The art of Eduardo Basualdo is one of passages and thresholds: Between the material and the immaterial, the visible and the invisible, the word and the thing. But his work is also between different moments in time—for these, the artist prefers the notion of limbo, though not the concept considered as a final destination for unsaved souls but as a waiting-space: the prenatal wait within the womb, the imminence of impending dawn. His work is designed to fill the viewer with the expectation that something else is about to happen or to be seen, beautiful or terrifying, ready to pounce or fall, endowing the dictum of the Argentinean writer and poet Jorge Luis Borges—“the aesthetic experience is, perhaps, the imminence of a revelation that does not occur”—with full sensorial, even material strength. In this conception, man is an amphibian creature, always on the verge of crawling out from the water onto land, from matter into spirit, from bodily organs to the mind, and then back again.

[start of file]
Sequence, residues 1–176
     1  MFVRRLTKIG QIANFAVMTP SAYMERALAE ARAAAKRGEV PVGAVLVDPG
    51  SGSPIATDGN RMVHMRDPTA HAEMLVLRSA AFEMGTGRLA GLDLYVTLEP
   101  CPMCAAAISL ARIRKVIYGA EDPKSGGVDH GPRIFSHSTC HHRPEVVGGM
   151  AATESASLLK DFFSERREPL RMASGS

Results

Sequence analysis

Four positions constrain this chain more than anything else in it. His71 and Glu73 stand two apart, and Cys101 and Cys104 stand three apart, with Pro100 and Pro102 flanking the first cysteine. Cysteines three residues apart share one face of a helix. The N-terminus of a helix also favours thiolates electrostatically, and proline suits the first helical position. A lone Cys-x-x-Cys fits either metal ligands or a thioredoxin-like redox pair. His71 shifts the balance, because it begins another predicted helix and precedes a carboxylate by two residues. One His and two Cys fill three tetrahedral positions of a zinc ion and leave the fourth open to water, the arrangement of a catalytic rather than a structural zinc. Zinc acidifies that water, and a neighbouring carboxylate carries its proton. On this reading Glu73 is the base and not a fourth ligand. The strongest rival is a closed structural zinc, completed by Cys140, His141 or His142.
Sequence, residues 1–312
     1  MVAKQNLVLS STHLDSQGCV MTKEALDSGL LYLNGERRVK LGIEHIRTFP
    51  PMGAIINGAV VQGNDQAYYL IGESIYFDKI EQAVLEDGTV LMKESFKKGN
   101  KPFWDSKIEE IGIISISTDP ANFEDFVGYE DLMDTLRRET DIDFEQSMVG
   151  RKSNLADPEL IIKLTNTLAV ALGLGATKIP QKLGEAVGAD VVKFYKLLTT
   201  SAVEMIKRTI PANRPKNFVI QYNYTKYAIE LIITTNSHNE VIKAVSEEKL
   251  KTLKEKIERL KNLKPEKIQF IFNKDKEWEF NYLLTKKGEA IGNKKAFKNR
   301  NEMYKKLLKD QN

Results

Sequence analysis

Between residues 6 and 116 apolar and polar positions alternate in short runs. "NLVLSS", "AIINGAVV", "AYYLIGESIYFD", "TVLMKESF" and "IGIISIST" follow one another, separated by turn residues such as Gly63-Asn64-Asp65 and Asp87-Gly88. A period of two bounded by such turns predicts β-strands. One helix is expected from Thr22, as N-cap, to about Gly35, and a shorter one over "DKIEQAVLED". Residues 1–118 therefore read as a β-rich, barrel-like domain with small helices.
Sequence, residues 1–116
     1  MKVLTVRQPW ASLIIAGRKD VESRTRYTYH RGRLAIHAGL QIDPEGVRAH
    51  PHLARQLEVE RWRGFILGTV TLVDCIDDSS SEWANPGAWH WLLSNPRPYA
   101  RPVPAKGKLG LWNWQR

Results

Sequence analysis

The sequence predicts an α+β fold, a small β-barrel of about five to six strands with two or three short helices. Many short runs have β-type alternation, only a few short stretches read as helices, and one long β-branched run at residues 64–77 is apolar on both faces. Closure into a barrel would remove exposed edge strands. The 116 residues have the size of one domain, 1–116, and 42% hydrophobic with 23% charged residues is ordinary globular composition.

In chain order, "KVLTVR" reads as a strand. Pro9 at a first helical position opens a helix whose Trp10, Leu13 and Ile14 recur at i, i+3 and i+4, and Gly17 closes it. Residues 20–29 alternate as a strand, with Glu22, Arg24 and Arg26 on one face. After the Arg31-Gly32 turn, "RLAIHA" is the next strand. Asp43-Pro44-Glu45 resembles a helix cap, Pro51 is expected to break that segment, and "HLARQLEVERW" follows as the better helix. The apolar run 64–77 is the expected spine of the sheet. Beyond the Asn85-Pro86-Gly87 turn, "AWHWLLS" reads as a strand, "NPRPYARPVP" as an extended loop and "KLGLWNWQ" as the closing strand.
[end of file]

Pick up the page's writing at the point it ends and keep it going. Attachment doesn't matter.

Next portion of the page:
Basualdo’s works—whether we want them to do so or not— will train our eyes to perceive what is not there, what lies beyond. In his works (in his worlds) there is always more than meets the eye: and what does meet the eye is there to lead it towards this dimension of the yet unseen. However much there might be, there is always more: a chink in an otherwise solid door, some extra space and emptiness behind or beyond the continuous lines of everyday life, the ghostly image of what lies beneath the table or behind the wall, the visible shadow of the hidden blade. His art constructs a peepshow into other worlds.